Alabama Republican Rep. Mike Rogers is spearheading the Space Corps into the 2018 Defense Authorization Bill. Rogers spoke with NPR and said “Russia and China have become near peers. They’re close to surpassing us. What we’re proposing would change that.”

Opposition to the Space Corps comes from the confusion that it would create at the Pentagon. Both Air Force Sec. Heather Wilson and Air Force Chief of Staff Gen. David Goldfein argued against the proposal. Gen. Goldfein said in May “I would say that we keep that dialog open, but right now I think it would actually move us backwards.”

The new USPS truck will be built by Oshkosh Defense
Photo via Wikimedia

The formation of new branches of the military isn’t new. The Air Force was of course part of the Army when it was the U.S. Army Air Corps. Even still, the Marine Corps is still a subdivision of the Navy.

Funding for the Space Corps would be coming from the Air Force. The budget for the existing Air Force Space Command would increase before it would become its own branch.

With the ever growing sophistication of war, the “red-headed step children” of the Air Force would be in the spotlight. The Space Corps would most likely be absorb The Navy’s space arm of the Naval Network Warfare Command into its broader mission.

The new USPS truck will be built by Oshkosh Defense
As an integral part of the 21st Space Wing, Cheyenne Mountain AFS provides and employs global capabilities to ensure space superiority to defend our nation and allies. (U.S. Air Force photo by Senior Airman Dennis Hoffman)

There has not been a proposed official designation for Space Corps personnel yet.  Air Force personnel are Airmen so it would be logical for Space Corps troops to be called spacemen.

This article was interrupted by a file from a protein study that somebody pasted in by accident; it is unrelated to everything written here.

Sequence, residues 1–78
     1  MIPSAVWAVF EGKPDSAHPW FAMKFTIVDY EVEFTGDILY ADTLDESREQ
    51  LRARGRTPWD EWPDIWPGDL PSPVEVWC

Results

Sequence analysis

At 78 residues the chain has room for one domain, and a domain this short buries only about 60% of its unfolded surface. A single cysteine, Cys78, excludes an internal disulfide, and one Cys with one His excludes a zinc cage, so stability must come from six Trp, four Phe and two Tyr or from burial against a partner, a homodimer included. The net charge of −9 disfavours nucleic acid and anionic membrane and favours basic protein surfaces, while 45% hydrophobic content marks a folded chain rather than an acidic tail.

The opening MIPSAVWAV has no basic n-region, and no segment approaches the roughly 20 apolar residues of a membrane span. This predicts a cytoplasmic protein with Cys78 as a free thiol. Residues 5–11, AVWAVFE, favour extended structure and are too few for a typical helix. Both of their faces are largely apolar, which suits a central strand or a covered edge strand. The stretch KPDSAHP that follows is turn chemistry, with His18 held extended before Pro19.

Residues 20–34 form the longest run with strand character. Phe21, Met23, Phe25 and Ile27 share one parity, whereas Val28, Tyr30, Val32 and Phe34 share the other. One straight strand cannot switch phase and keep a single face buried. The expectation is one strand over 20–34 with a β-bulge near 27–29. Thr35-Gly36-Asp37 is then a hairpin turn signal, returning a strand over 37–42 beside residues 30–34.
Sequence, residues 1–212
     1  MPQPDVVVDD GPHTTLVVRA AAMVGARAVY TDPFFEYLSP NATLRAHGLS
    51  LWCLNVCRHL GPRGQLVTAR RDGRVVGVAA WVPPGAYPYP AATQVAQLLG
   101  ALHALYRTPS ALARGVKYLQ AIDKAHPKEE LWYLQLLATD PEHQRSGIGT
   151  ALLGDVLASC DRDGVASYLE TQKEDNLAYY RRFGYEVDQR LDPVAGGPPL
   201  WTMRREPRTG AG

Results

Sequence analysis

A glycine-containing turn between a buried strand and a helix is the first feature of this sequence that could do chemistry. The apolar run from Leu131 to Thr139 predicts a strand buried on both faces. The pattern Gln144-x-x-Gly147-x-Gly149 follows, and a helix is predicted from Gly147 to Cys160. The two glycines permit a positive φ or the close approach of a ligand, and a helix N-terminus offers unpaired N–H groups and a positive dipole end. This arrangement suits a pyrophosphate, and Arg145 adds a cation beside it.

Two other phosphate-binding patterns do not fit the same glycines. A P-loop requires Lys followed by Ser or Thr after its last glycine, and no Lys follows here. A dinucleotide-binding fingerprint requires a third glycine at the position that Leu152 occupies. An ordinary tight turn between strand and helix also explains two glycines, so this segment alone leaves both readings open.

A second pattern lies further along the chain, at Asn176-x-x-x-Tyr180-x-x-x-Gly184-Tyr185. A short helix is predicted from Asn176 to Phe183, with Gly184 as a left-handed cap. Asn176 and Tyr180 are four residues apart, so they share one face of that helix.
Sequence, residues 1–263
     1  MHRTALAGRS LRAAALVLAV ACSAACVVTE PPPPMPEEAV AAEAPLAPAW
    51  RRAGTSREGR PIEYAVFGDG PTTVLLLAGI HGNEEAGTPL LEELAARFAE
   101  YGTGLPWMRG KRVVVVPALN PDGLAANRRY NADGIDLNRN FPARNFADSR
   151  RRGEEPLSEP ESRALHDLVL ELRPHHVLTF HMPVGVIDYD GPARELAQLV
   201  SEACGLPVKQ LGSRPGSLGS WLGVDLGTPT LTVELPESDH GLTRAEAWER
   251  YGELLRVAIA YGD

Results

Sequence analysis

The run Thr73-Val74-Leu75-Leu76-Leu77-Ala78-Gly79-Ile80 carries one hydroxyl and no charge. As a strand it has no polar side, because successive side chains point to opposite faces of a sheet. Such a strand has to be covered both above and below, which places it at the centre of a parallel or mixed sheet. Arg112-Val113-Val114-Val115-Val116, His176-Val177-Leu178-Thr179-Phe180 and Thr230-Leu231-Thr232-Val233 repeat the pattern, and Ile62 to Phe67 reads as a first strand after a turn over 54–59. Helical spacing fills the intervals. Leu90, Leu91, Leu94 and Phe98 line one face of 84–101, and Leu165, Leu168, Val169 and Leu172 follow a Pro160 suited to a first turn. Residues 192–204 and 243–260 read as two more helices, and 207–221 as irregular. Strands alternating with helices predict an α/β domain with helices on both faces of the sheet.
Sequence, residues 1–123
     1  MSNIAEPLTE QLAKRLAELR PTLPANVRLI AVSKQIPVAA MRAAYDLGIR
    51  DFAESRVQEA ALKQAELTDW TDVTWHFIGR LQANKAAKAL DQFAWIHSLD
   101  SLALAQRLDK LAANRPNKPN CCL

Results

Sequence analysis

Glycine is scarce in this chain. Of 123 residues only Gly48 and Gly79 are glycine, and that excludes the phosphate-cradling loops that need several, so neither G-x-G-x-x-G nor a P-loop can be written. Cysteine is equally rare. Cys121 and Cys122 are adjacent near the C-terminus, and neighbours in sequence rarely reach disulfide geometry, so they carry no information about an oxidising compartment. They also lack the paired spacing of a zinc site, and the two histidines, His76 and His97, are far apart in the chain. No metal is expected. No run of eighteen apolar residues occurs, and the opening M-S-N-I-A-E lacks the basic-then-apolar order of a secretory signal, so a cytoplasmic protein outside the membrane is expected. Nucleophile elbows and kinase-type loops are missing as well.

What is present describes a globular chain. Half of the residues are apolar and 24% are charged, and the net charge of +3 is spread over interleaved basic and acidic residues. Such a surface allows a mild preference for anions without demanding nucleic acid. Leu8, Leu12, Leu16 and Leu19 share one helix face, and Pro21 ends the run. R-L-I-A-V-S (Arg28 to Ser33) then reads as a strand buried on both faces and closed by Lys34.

The life of spacemen wouldn’t likely be too different from the airmen in Space Command and sailors of the Naval Network Warfare Command already. There are only a few bases that would garrison spacemen. Their mission would likely remain the same as it is today — “to provide resilient and affordable space and cyberspace capabilities for the Joint Force and the Nation.”

To crush the dreams of every child, the fighting would mostly be take place at a desk instead of space. It costs way too much to send things and people into space. Until there’s a great need to send troops into space, Spacemen won’t be living out any “Halo,” “Starship Troopers,” or “Star Wars” fantasies.

The new USPS truck will be built by Oshkosh Defense
But we can still dream, right?

In all likelihood, spacemen would focus their efforts on the threats against cyber-security, detection of intercontinental ballistic missiles, and maintenance of satellites in the early days. No major changes from what currently exists today, but the Space Corps would have more prestige and precedent in future conflicts.

Yet, President Donald Trump has recently reestablished the National Space Council. Trump made clear his goals of a “Deep Space Gateway” to help astronauts reach more distant locations along with his goal of reaching Mars “by the end of his second term.

The concept of the Space Corps is still up for debate. It would still need to pass the Senate Armed Services Committee and then to President Trump.

Intel

This forgotten Cold War-era technology is actually alive and well

The new USPS truck will be built by Oshkosh Defense
Image: YouTube